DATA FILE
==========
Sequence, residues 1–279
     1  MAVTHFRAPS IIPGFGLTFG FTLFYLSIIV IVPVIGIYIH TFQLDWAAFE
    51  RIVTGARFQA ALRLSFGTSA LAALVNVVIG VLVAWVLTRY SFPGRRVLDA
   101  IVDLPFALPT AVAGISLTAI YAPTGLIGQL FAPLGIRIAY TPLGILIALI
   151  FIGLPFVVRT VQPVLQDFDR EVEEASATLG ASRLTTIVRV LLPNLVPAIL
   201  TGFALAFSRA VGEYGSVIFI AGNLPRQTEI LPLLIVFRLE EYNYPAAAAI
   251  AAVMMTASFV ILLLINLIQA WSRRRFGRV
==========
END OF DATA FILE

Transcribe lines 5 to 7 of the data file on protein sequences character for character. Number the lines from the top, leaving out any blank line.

   151  FIGLPFVVRT VQPVLQDFDR EVEEASATLG ASRLTTIVRV LLPNLVPAIL
   201  TGFALAFSRA VGEYGSVIFI AGNLPRQTEI LPLLIVFRLE EYNYPAAAAI
   251  AAVMMTASFV ILLLINLIQA WSRRRFGRV